This is a review of “Cellblock 6: Female Lock Up,” TLC’s unscripted reality show about women at the Gwinnett County Jail. I decided to check this out when I could not find anything that I wanted to watch while eating dinner.
I figured, Alright, let’s watch this and see if it’s any good. “Cellblock 6: Female Lock Up” runs for an hour, and during that hour, quite a few women inmates are followed. This show kept my interest and I ended up taping two more after watching one episode. You’ll meet the women of Cellblock 6, and some cases are very interesting.
If you’re hoping to see catfights between the inmates on “Cellblock 6: Female Lock Up,” you’ll be disappointed. If you ever have to go to prison, hope it’s the Gwinnett County Jail, because everything is under tight wraps there. In fact, lesbian relationships are forbidden, and guards seem to be everywhere to make sure no fighting breaks out.
Though I’ve seen only three episodes of “Cellblock 6: Female Lock Up,” the impression I got was that, unlike the dramatizations of female prisons on TV and in movies, at this facility, the women are quick to bond and be empathetic. One staff officer even said that women will know each other barely 10 minutes before braiding each other’s hair.
The only criticism I have of “Cellblock 6: Female Lock Up,” is the frequent cymbal playing practically every time the show shifts to either a new inmate at intake, or another scene involving whichever inmate is currently being profiled. I’m serious. The sound of the cymbals rises climactically as though some big event is going to take place, and instead, we are taken to intake where a new inmate is simply being told how to position her body against a wall, or an inmate is shown smoking outside.
What’s with the climactic cymbals all the time? This is really annoying!
You’ll get a kick out of some of the things the women say about their lives. One woman was thrilled to be released and announced she had already had a job lined up, and had plans to go to college. She had been in for selling meth.
Two months later, she was back at the jail, and couldn’t understand why things “kept happening” to her. This time she was in for violating probation; “illegal prescription drugs” were found in her home. Well, I have an explanation for why, every time this woman starts “getting ahead,” as she explained, she gets “set back”: You keep breaking the law! Hellooo! What were you doing with illegal prescription drugs? Is it so hard to keep drugs out of your house? Geez.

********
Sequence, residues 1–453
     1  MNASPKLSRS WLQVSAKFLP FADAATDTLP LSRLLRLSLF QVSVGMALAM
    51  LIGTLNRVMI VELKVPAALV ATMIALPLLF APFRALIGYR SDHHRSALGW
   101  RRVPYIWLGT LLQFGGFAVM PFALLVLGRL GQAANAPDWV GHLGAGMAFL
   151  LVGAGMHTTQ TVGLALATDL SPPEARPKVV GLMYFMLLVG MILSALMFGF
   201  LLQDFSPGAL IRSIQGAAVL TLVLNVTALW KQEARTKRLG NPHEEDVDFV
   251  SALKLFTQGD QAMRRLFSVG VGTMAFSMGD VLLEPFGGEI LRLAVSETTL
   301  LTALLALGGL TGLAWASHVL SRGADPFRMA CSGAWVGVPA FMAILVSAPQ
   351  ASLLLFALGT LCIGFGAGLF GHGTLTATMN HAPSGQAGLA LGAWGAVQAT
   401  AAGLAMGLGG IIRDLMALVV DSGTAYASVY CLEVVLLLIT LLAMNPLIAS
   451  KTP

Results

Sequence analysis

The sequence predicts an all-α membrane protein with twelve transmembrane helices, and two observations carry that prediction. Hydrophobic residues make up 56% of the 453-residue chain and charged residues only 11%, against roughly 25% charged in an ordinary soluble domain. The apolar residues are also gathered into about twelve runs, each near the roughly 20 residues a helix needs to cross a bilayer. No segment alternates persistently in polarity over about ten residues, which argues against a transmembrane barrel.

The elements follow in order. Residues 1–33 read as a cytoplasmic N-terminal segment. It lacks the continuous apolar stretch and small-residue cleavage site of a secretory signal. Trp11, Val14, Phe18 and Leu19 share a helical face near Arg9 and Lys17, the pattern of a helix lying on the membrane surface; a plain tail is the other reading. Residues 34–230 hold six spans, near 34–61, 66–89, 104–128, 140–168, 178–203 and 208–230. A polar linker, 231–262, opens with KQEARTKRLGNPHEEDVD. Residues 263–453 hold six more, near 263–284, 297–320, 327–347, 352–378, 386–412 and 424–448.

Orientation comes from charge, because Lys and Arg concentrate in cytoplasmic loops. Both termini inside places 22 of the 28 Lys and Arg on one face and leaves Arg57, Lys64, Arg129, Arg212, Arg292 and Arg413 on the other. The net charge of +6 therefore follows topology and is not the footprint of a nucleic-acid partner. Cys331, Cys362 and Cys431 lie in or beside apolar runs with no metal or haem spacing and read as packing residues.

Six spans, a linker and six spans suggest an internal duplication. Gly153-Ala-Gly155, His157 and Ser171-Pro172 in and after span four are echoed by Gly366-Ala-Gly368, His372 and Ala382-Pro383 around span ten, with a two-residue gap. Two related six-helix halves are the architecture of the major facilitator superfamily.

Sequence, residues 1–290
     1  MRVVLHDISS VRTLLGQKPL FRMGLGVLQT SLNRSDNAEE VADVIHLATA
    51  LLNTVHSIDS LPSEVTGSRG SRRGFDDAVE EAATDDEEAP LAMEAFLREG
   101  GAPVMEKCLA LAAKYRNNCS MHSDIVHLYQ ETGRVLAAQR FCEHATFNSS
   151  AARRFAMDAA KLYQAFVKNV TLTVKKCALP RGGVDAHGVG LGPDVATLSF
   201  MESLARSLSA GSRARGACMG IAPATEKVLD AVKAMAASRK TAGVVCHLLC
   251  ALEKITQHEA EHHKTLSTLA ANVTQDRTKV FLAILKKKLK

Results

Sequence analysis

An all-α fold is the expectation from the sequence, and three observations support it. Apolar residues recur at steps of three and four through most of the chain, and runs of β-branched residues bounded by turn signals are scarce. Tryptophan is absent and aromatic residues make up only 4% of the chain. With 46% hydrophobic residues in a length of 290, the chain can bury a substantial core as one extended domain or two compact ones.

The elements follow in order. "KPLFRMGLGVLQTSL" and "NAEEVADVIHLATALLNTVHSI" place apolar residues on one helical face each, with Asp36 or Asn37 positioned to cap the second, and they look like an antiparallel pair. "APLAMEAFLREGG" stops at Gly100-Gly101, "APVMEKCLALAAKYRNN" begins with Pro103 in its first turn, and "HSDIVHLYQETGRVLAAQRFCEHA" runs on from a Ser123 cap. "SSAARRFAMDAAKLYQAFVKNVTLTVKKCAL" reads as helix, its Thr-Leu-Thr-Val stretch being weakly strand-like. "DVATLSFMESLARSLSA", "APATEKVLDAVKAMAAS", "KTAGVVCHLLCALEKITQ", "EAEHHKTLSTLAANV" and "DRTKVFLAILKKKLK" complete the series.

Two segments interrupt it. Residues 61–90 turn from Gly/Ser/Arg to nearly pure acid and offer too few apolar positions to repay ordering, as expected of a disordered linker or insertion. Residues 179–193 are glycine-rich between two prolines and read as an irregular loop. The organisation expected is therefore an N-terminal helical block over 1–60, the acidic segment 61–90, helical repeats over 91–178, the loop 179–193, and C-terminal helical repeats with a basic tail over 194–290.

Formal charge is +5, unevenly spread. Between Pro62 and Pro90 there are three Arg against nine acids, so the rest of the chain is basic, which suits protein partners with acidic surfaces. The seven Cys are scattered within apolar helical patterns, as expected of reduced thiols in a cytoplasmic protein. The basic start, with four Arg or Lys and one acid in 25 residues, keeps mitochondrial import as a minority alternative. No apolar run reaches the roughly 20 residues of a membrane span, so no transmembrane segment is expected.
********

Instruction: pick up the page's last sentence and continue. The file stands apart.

The mug shots of all the profiled women are shown in “Cellblock 6: Female Lock Up.” The photos are against a height chart, but the top of every single woman’s photo aligns with about 5 feet six and a half inches. Thus, you know that this is just for layout; not their actual height. I noticed, though, that at intake, when the women are frisked, the female security officer just towers over every single one of them. That is one large female security officer.
One of the mug shots was of a woman who looked like you’d never want to meet up with her in a dark alley. This big woman looked MEAN, ready to take on a tank. Interestingly, her presentation as she spoke to the camera was that of a perfectly typical mother, with glasses and pretty hair, who was in for (if I recall correctly), embezzlement. Photos of her wedding, and of her with other family members, were shown. So don’t always judge a woman by her mug shot.
Many of the women who are shown being escorted to intake look rough and ready to pick a fight, but that’s just the way they appear. Upon speaking to the camera, they present as nervous, in disbelief that they’re at a prison, sometimes in tears, and one scruffy looking woman even said she feared getting beaten up.
Offenses range from a pregnant woman hitting a male coworker during an argument off to the side of the road after they began arguing in the car on the way to work, to a college student getting in a brawl with family members, to a college student getting into a fight at a party, to drug possession and dealing. One woman was in for armed robbery, another for participating in auto theft with an accomplice.
“Cellblock 6: Female Lock Up” follows the profiled women to their resolution, be it finally getting out of prison after spending some time there, or quickly getting out after bail is made. Many are young mothers, and what gets me is that they always talk about how much they miss their kids, yet at the same time, they won’t obey the law, which results in them being taken away from their kids! Many are repeat offenders!